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Ukraine’s Parliament officially adopted the Draft Law On Virtual Assets. Prior to this, cryptocurrencies in Ukraine fell into a grey area.
An increasing number of governments are acknowledging the rising demand for cryptocurrencies such as bitcoin. To bring such digital assets into the financial landscape, AML and KYC laws are being imposed to enhance the integrity of the sector.
The latest country that has joined the list is Ukraine, which is seeking to legalize crypto with the introduction of new laws and policies. Last week, El Salvador became the first country to adopt bitcoin as legal tender. Two weeks before that, Cuba passed a law to recognize and regulate cryptocurrencies, quoting “reasons of socio-economic interest.” Panama is also currently in the planning phase for new cryptocurrency regulations.
On Wednesday (8 September 2021), Ukraine’s Parliament officially adopted the Draft Law On Virtual Assets. Prior to this, cryptocurrencies in Ukraine fell into a grey area.
The move has been made in an attempt to legalize cryptocurrency in the country for the first time. The law will come into effect after amendments have been made in Ukraine’s tax code regarding the taxation of cryptocurrency transactions. However, the Ukrainian legislature is yet to vote on these amendments.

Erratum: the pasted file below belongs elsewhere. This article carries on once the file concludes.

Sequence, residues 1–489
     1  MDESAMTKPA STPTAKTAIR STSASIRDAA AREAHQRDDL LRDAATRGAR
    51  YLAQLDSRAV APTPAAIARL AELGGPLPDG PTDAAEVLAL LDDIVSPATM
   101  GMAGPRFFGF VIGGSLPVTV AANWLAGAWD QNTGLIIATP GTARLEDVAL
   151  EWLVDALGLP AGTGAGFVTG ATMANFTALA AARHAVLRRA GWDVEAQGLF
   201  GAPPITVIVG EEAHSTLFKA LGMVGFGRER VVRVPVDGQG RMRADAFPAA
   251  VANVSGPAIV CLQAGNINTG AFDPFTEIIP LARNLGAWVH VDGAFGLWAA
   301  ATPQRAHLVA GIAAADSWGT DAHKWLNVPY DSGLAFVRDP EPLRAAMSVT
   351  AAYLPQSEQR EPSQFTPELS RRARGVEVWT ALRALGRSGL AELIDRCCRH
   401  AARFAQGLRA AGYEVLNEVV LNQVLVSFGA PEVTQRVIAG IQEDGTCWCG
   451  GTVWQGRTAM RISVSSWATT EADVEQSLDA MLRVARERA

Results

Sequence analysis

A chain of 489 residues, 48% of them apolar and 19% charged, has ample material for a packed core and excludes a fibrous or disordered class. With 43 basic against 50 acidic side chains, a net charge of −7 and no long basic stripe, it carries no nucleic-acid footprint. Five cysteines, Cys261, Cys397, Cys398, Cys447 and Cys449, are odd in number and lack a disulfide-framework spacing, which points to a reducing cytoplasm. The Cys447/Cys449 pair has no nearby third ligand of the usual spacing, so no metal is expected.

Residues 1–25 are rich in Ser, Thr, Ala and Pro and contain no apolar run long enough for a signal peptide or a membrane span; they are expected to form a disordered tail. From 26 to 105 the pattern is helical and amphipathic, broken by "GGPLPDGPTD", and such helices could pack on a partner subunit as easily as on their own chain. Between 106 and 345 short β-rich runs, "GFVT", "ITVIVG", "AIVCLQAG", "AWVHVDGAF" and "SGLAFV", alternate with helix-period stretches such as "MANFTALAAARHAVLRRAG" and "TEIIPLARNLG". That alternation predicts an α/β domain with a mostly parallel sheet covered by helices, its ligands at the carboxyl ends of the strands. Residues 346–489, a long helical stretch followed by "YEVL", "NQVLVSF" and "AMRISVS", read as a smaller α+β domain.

The new regulation on cryptocurrencies in Ukraine follow’s President Volodymyr Zelensky signing of the Law On Payment Services – another digital currency-related law. The Payment Services law officially permitted Ukraine’s central bank to issue a CBDC (Central Bank Digital Currency) called the Digital Hryvnia.
Furthermore, the Ukrainian Law on Virtual Assets does not consider crypto as a legal tender in the country, unlike El Salvador. Instead, it mandates that the term ‘financial virtual assets’ be issued by registered entities. Crypto consumers will be able to independently determine the value of virtual assets, open bank accounts to settle transactions, and seek judicial protection for associated rights.
Cryptocurrency service providers are required to abide by the country’s Anti-Money Laundering (AML) regulations and make all necessary attempts to eliminate financing of terrorist activities, just like traditional financial institutions.
Suggested Read: Money Laundering Through Cryptocurrency: Red Flags and AML Risks